The term chemical stimulation refers to the injection of fluids with chemical additives into the geothermal target formation. It is performed to overcome formation damage in the rock matrix as well as inside existing fractures and fissures leading to dissolution of certain minerals and thus increasing the hydraulic pathways in the rock and enhance the permeability.
In contrast to other stimulation techniques, chemical stimulation affects mostly the near borehole volume up to several meters from the well; fast reaction kinetics associated to the high reservoir temperature are leading to rapid acid degradation. However, in fractured rocks or karst formations acid solution can react further through existing flow paths.
Generally, three basic types of chemical stimulation can be distinguished: Acid Washing, Matrix Acidizing and Fracture Acidizing. They are differentiated by pumping pressure and therewith penetration depth. Acid Washing aims at cleaning the wellbore and dissolving scales at the casing or drilling related damage at the formation face.
For thermal stimulation of a well, cold water is injected below the fracturing pressure over a certain time period, generally a few days to weeks. Due to the low temperature of the water compared to the temperature of the rock, the stress in the rock changes, leading to stimulation of natural fracture networks or initiation of new fractures. Thus, the effect of thermal stimulation is very similar to the effect of hydraulic stimulation.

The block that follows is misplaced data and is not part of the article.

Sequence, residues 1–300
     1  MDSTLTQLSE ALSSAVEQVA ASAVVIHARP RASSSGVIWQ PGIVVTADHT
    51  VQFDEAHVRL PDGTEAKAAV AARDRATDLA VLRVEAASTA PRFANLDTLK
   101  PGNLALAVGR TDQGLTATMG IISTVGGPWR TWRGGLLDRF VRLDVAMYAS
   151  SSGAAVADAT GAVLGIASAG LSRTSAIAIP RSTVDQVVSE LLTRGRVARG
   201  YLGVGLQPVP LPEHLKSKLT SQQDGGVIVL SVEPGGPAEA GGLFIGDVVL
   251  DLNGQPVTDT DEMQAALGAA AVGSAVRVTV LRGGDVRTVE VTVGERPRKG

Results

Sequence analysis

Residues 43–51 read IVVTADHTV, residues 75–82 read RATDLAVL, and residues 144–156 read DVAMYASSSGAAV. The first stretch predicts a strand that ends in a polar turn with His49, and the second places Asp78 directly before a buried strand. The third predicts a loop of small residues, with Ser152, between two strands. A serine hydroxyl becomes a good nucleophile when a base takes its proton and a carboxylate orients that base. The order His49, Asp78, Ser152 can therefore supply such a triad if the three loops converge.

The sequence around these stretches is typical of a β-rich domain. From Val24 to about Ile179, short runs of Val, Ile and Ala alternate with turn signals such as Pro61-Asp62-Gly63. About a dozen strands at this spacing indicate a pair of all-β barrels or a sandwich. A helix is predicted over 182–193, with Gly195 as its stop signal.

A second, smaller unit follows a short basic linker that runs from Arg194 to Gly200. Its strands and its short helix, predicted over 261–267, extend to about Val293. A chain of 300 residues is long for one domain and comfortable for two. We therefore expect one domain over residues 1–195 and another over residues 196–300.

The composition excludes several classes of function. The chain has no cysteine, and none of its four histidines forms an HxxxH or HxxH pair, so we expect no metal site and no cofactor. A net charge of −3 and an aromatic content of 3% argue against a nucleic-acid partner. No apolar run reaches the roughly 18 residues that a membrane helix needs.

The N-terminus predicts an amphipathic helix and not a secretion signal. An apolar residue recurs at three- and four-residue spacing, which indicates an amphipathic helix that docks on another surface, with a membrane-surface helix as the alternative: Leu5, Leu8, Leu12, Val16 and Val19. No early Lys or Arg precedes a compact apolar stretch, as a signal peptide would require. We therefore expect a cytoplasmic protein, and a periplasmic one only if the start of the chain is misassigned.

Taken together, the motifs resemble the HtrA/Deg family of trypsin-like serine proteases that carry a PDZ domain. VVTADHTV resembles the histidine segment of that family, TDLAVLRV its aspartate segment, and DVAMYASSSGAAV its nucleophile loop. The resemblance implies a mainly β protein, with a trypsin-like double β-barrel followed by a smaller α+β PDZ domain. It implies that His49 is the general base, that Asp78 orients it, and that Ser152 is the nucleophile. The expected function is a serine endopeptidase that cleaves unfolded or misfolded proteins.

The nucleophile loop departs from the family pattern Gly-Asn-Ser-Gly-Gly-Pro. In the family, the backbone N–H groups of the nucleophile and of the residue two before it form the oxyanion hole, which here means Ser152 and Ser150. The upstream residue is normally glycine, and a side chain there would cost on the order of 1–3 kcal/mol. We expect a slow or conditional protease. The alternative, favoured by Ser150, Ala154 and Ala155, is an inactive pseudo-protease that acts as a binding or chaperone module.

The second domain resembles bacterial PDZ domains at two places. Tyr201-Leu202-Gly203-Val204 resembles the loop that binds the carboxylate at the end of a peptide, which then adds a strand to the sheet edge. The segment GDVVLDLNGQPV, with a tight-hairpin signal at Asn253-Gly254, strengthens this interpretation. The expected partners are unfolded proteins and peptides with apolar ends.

Thermal stimulation or thermal fracturing occurs in many cold-water injection wells and often an increase in injectivity with decreasing temperature of the injected water is observed. This is probably due to initiation and growth of thermal fractures near the well bore and higher weight of the fluid column.
Multi-stage and cyclic stimulation concepts
Horizontal multi-stage hydraulic fracturing is the process by which multiple fractures are created along a horizontal section of the wellbore in a series of consecutive operations. It is a well-established practice in the oil and gas industry and can be seen as a key technology enabling the development of enhanced geothermal systems. It provides better access to reservoirs, since horizontal wellbores allow for much greater exposure to a formation to develop a downhole heat exchanger with an appropriate size for extraction of heat. The individual stimulation is carried out stepwise in isolated intervals. This can be achieved by perforating the intervals of interest. One crucial aspect is the right distance between the perforation intervals to avoid any interference. This depends on the rock properties and the state of stress and needs to be simulated in advance. In geothermal, multi-stage shearing through the pre-existing fractures is the main mechanism and swellable packers are considered to be used instead of perforations.
Furthermore, suitable stimulation schemes may include cyclic stimulations with varying flow rates (so called soft/fatigue stimulation) to reduce the risk of unwanted seismic events with large magnitudes.
All scenarios have to be evaluated regarding the site-specific geological requirements to optimize the performance of the reservoir for geothermal heat extraction and simultaneously reduce the risk of unwanted seismic nuisance and environmental impact.